Be the word

quadruple threat
An early inspiration for my efforts (image by Hirschfeld)

Apologies for the lack of a post last week. We had to travel to a different time zone for a family function, and the jet lag really took its toll on me. It’s tough to compose something when you can barely stay awake.

But I’m back, rested, and ready to get back to work.

Among the items on the “list of stuff that needs attention”:

-continue working on the horror-comedy outline

-work with latest batch of notes on the comedy spec. Hoping to have that latest draft done sooner than expected.

-research potential representation firms to query

-look into setting up at least one networking event for SF/Bay Area writers. Previous ones were pretty successful, and are great for establishing connections.

-Among the comments that came in for the comedy spec was how it might benefit from a table read. Never did one before, so investigating setting one up. Anybody out there who’s done it?

There are a few other items going on, but those are the dominant ones for now. At first glance, it might seem like a lot, but it doesn’t feel that way to me. They’re all just parts of the machine that is me working on making a career out of this.

I think the biggest factor here is time management. I do what I can to allot a certain amount of time per task. Work on my own stuff for an hour or two. Spend some downtime at work researching reps and prodcos, then send out some queries. If an idea hits when I’m not actually writing, I jot it down immediately – mostly because I don’t trust myself to remember it a few hours later.

One caveat – If I have to do notes on a friend’s script, all attention is diverted to that. If they were reading mine, I’d want them to be just as focused on my script, so the least I can do is return the favor.

Now, I totally get that no two writers have the same schedule, so everybody will tackle things their own way and at their own pace. Maybe you can only spare an hour a day for anything writing-related, or you get up earlier than you need to because that’s your designated writing time. Any and all of it’s fine. You do what works for you.

The important thing is to be doing something. Anything that helps you along.

Also remember, and I can’t stress this enough – everybody’s path is different. What works for that other person might not work for you, and vice versa. Don’t stress out over feeling like you’re running behind. The only person you’re competing against is you.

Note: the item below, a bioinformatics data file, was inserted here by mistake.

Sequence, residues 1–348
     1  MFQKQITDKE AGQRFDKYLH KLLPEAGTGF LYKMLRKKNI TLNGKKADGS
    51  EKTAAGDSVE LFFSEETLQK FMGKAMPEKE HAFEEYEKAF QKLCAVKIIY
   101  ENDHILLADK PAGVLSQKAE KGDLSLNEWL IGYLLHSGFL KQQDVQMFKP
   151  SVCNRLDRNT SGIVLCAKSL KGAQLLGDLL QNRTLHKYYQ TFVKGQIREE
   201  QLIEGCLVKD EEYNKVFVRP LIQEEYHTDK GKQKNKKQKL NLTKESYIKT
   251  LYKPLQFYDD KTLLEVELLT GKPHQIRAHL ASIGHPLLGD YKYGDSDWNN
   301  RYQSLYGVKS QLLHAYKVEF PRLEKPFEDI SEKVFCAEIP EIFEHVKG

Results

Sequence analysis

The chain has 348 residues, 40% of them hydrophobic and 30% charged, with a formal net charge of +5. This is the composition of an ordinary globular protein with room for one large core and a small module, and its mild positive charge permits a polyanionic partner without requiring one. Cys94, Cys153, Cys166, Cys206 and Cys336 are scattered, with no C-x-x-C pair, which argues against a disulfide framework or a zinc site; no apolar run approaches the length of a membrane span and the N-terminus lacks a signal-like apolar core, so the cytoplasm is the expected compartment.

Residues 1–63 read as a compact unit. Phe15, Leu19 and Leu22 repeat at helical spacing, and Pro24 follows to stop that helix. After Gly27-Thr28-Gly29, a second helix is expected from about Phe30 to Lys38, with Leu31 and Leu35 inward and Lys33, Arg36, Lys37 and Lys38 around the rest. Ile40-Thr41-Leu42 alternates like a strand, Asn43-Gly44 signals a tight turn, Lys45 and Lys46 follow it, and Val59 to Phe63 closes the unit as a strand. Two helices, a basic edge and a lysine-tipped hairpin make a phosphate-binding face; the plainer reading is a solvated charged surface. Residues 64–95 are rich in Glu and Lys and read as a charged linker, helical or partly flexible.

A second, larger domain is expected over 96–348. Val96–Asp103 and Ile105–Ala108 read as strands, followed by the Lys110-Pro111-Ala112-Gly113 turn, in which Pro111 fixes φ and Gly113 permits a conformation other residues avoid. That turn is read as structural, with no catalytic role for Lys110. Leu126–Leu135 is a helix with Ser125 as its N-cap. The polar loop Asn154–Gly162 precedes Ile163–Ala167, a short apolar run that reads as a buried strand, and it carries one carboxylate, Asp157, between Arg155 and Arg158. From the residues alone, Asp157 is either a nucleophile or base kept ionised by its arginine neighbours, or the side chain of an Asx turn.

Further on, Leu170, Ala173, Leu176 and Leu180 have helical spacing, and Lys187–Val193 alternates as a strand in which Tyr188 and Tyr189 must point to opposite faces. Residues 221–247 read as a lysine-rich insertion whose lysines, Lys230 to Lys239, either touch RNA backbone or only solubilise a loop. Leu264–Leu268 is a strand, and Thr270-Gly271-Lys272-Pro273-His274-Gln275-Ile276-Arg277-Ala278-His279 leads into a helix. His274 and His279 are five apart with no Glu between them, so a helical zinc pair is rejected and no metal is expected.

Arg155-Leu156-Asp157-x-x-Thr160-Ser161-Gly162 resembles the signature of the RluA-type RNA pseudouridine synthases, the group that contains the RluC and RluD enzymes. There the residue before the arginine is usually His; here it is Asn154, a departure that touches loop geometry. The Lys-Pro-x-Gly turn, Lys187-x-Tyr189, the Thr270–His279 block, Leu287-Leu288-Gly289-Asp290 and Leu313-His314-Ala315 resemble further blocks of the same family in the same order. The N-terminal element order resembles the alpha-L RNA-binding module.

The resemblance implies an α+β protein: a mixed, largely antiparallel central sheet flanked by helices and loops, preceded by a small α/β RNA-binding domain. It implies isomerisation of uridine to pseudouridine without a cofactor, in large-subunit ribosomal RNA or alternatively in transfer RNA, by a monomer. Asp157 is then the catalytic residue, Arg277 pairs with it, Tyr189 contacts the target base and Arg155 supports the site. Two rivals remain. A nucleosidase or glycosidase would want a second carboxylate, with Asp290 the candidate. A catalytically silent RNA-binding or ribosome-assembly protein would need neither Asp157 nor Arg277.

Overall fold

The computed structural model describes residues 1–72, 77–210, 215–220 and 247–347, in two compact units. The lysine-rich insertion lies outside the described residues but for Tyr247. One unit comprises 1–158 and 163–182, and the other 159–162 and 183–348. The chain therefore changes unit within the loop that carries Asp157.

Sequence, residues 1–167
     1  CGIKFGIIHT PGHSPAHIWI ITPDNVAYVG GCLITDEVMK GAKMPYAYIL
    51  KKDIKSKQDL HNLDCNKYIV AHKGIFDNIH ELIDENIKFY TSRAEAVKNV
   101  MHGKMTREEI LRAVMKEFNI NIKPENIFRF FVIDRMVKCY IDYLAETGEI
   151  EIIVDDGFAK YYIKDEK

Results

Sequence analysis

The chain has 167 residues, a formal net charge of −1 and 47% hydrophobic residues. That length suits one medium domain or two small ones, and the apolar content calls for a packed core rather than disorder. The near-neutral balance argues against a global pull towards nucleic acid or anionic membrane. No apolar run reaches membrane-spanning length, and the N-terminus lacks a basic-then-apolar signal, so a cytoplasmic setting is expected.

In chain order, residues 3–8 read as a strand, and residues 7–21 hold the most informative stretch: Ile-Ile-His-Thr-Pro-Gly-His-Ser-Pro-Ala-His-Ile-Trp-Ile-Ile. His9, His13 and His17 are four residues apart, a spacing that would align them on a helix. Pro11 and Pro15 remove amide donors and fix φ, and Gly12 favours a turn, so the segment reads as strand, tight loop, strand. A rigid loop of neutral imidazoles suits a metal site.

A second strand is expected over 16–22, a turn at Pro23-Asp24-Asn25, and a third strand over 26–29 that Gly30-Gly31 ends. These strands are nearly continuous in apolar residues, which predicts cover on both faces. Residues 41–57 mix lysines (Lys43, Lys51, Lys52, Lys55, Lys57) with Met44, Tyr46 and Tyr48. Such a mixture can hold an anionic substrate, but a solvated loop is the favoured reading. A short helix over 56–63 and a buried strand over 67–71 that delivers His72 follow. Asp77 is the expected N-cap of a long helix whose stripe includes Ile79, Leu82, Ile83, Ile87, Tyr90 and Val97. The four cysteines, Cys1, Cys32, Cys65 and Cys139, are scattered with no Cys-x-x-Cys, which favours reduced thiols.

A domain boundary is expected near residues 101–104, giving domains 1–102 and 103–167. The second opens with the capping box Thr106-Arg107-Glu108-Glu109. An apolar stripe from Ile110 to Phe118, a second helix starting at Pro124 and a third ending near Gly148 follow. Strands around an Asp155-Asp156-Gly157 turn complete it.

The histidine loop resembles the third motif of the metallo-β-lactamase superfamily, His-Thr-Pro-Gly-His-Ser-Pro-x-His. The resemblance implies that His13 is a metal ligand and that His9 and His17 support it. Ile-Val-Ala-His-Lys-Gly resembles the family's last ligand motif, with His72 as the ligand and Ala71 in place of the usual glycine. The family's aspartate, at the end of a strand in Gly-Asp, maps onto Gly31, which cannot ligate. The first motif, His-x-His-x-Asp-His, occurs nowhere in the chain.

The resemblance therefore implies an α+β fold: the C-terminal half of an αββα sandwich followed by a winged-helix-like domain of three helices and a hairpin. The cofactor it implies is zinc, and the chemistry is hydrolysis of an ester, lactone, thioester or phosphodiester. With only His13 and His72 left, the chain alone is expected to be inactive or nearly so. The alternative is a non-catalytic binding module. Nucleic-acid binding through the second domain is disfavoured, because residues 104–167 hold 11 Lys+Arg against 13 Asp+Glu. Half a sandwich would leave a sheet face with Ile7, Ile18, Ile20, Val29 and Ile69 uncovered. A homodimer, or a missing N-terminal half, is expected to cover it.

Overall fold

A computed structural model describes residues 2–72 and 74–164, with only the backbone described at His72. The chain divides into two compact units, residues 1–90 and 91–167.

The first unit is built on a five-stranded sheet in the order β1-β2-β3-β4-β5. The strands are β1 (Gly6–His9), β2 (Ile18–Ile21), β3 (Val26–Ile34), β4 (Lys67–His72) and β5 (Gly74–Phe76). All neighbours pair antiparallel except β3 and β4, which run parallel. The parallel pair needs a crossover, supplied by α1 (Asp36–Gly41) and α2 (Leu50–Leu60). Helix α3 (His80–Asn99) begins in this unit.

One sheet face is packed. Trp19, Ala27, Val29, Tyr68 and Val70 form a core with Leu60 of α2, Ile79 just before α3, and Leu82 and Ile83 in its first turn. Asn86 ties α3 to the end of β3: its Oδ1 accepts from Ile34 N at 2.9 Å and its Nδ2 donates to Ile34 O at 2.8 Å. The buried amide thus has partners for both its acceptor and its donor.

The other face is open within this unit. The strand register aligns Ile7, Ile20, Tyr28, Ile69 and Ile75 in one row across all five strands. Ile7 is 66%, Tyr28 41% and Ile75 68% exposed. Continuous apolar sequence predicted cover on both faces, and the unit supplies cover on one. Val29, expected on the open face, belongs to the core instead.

Not sure where to start? Easy. Be a writer and write down what you’d like to accomplish. I suggest starting small – list three things you could do today to help yourself out. Write three scenes (or three pages). Send out five query emails. Contact the writer of that logline you liked in that online forum.

Get into the habit of giving yourself stuff to do, and there’s a good chance you’ll be pleasantly surprised at how much stuff is actually getting done.

By you.

A big stove with lots of burners

jayne
Always something cookin’ in this kitchen

Thanks to a big, determined push, I managed to wrap up the initial edit of the pulp spec last night. Amazingly, it’s still 116 pages. Much as I’d love to take another pass on it, a better option is to gently nudge it aside and let it simmer for a few months.

In the meantime, my attention now turns to a few other items, including providing some script notes and a major overhaul of one of the low-budget comedies.

To some, it might seem I’m taking on too much. Others might think it’s great to be so busy. No matter which opinion you have, it all comes down to how the individual (i.e. yours truly) sees it.

Me, I enjoy the diversity and variety. I like to work on my own material AND read other people’s stuff. All that mental stimulation helps me in the long run; the equivalent of maintaining a regular workout schedule at the gym. Or in my case, a steady regiment of training runs.

Always working on something, or even adding some reading and watching into the mix, not only helps your creativeness, but your actual output. Wouldn’t you say your writing skills are significantly better today than they were, say, a year ago? How about compared to when you just started out? I know mine are. Especially in terms of the latter.

All that being said, I think there’s a big difference between being a productive writer and just being a non-stop writing machine. A productive writer definitely produces material, but they also take the time to have a life outside of writing. The machine is just full speed ahead and don’t let up. Granted, there are some who can do both, and kudos to them. I prefer to be the former.

I also don’t have any problem with transitioning to a new project once one is completed. Even though I haven’t directed all attention on the new one, it’s always been in the back of my mind. Maybe an idea about it would pop, which would then be added to an always-handy list, then brought back out later. You might have a different approach, but this is what works for me. Everybody writes in their own way.

In the meantime, my nimble little fingers will now get a bit of a rest while I dive into the aforementioned giving of notes. And once all of those are done, the dust gets blown off the keyboard and the cycle repeats.